The rain sprinkled lightly in Lodz as we drove around the city en route to Warsaw. The paltry precipitation had little to do with what would happen next. Where on Earth is Lodz you may ask and why were you there? First a lesson in pronunciation. Polish is famously difficult to speak, second only to Welsh (I lived there four years) among romanized languages. For instance there are two different ways of pronouncing the letter L, and there are four types of Z. Lodz is pronounced Wooj. A word can display five or more consonants in a row, and then have four vowels punctuated with a solo non vowel. For example have a go at saying this word: Przybyszewskiego - it’s a street name in Lodz (remember, that's Wooj).
Visiting Lodz was a trip back in history, tracing Mark’s ancestry through his mother’s maternal grandmother. She was born in Dobrzyn nad Wisla (such easy Polish words), married a man from Warsaw, and emigrated to England where she opened a chain of clothing stores. Lodz (do you remember how to pronounce it?), situated 100 miles south of Dobrzyn and 100 miles west of Warsaw (said ‘Vatsava’ in Poland), became a hub of European textile manufacturing after 1820, growing from 250 citizens in 1800 to 250,000 in 1900, and 538,600 inhabitants by the time my maternal great grandmother began her clothing business in London. As a Polish immigrant making her fortune in London, the capital of the western world, from where did she most likely import her fabric? You guessed it … Lodz.
Thus Dobrzyn nad Wisla, Warsaw and Lodz formed a triangle of first stops on the Poland leg of our journey. There is one other thing you need to know about Lodz: it is the wild west of city driving - a bit like cities in China. You know about unlimited speeds on the German Autobahn — Lodz residents seem to think it applies to their city streets as well.
Our wagon, packed with four adults and enough luggage each for a three week’s vacation was quietly proceeding in the Lodz late morning rush hour. The light turned green and I steered left under an overpass across a second green light, when a small black mass tore across our path, right to left. My brother shouted, I slammed on the brakes, tires squealed, our white wagon froze, and then … a sickening thud, metal on metal, shattering glass, the frenetic skidding black object spun 180 degrees and slid to a halt. Ashen pale, from behind a smashed windshield, the black Polo driver and boyfriend emerged unscathed. Stunned, I stepped out, surveyed the damage, flagged down the semi driver behind me asking if he could be a witness — he apologised pointing to his load of vehicles for delivery, and wondered at the ramifications.
Using broken English, hand signals and a listening posture I understood that the young lady driver was accepting full responsibility — she had run a red light and was in shock, the color had not returned to her jaundiced face. Her boyfriend took command of the situation, had called the police and was now speaking Polish to someone else; Andrea was on the phone to the rental company, and then the credit card company. A kerbside pedestrian, wearing a pale blue zipped jacket, with limited English said he saw and she caused it. Dazed, yet appreciating the help, we waited for the police to arrive.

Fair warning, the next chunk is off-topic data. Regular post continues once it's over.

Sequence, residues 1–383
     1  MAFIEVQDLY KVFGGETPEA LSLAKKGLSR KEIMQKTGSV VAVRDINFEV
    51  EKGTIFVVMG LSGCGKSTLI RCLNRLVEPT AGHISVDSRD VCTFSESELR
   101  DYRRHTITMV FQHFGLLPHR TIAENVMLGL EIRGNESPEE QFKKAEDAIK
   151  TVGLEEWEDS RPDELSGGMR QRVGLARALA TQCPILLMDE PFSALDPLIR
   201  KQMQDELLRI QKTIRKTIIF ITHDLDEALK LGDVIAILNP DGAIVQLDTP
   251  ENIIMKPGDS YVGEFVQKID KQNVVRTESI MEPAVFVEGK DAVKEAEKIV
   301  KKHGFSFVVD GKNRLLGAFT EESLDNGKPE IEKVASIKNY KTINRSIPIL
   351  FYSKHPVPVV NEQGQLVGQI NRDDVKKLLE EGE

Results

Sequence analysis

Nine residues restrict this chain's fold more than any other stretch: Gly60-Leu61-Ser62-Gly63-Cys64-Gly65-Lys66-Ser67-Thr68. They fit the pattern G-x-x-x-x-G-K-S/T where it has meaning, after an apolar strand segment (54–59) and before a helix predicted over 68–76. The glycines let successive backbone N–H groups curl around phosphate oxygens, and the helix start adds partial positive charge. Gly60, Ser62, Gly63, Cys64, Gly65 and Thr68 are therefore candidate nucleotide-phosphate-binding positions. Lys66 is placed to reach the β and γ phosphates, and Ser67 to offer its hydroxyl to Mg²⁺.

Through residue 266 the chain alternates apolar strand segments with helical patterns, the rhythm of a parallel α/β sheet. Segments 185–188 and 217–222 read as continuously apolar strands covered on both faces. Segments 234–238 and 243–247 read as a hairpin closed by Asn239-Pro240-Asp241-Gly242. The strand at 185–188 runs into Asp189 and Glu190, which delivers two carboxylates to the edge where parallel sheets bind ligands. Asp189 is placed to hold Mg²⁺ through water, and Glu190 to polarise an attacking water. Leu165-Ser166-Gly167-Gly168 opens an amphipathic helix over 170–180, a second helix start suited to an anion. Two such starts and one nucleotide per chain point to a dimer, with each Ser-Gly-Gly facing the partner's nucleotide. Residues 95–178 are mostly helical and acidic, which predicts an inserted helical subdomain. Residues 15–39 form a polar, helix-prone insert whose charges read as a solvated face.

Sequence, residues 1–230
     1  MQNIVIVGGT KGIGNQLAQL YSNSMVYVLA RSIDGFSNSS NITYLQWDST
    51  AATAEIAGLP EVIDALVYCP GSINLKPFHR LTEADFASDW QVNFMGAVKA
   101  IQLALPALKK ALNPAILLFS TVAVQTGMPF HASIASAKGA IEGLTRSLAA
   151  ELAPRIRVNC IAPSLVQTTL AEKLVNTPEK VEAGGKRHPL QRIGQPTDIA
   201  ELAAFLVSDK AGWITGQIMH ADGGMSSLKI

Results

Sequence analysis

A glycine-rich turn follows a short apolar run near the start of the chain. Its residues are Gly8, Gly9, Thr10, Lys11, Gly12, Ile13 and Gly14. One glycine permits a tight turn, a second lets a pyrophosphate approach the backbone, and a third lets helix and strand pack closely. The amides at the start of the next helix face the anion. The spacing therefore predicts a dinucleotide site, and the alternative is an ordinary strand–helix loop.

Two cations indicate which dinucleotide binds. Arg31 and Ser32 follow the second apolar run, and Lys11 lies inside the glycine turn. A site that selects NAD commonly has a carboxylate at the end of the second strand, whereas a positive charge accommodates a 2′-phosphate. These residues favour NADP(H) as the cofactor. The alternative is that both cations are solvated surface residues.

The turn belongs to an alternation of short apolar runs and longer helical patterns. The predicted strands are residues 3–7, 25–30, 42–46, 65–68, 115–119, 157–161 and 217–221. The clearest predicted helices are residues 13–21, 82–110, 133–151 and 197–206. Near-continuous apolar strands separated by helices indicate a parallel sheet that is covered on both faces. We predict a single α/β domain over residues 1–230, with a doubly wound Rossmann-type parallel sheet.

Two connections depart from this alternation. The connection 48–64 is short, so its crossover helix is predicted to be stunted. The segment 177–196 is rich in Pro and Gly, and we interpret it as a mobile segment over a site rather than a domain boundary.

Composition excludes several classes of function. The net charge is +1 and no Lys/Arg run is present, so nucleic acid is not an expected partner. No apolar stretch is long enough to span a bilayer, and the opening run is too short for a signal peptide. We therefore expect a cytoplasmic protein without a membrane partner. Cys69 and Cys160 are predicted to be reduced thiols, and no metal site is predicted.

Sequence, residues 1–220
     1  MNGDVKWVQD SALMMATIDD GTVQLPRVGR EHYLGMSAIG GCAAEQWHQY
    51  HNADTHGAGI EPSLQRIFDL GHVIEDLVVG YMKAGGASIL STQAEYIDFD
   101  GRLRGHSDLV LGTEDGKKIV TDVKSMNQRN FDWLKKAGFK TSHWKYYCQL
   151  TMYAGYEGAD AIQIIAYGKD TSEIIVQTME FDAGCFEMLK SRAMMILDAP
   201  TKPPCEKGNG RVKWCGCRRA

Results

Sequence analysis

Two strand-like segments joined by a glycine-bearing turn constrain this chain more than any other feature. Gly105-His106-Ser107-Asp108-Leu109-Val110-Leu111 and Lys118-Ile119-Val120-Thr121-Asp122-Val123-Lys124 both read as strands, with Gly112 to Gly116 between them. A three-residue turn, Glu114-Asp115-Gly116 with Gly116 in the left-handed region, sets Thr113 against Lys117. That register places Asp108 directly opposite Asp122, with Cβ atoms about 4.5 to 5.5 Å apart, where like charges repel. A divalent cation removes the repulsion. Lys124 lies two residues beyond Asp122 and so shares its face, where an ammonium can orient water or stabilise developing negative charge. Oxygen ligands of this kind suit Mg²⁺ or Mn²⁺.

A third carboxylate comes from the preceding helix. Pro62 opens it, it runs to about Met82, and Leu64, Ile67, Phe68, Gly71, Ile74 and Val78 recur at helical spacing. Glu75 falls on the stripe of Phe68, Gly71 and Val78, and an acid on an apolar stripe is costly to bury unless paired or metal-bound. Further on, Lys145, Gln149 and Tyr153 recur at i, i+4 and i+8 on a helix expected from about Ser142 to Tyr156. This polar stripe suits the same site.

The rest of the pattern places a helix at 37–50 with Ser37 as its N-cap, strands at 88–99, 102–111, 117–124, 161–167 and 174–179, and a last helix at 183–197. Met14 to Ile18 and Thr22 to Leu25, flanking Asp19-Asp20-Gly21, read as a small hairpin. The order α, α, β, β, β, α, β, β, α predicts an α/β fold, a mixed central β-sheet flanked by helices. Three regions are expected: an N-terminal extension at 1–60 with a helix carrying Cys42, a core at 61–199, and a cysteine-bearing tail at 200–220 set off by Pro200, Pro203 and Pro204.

Looking for the police four other emergency vehicles on other missions passed by, several irate motorists honked, a friendly opportunistic tow truck driver sought to help, and we remained a spectacle for hundreds of tram passengers. Eventually the police turned up, questioned both drivers, strictly instructed us to sit in our vehicles while they sat in theirs, asked for various documents one by one and told us all — drivers and passengers — to complete various forms. Names, addresses (US and UK), driver’s licenses, insurance, vehicle registrations, passports, and names of parents even if deceased. It took a long time for them to run all this information through their databases, reconstruct our genealogies, and verify our identities.
An eternal ninety minutes ticked by, passportless and stripped of all documents, confined to our cabin, anxiously on hold with two different phone conversations (credit card - very polite and had Avis Germany authorized Poland for the tow truck and replacement vehicle and when, if ever, would they arrive?), were we in peril of punitive measures from the Polish police due to the undiplomatic methods of Trump in Europe and the unpopularity of Britain in Europe with Brexit? Then, through the rain spattered driver’s side window, magically the lady officer handed back our documents. We were free! Almost instantly we heard skidding tires and a double crunch of metal on metal on the other side of the street as the next victims of Lodz driving sealed their fate: one truck and two vehicles, upstaging our incident. But for the police officers present we would have burst into laughter!
Now the passing tram passengers had even more to talk about.
The friendly, opportunistic tow truck driver — he would both tow and repair any damaged vehicles - visited the second accident also, but no luck. And a second eternity passed for us milling around our vehicle, waiting for our tow truck that never arrived. In the end we took matters into our own hands, Polish-style, drove our well-photographed, damaged rental to the nearest Avis dealer, presented our case number and politely demanded a replacement vehicle. After our six hour detour we were back on the road in fifteen minutes.
We drove on to Warsaw, in the rain.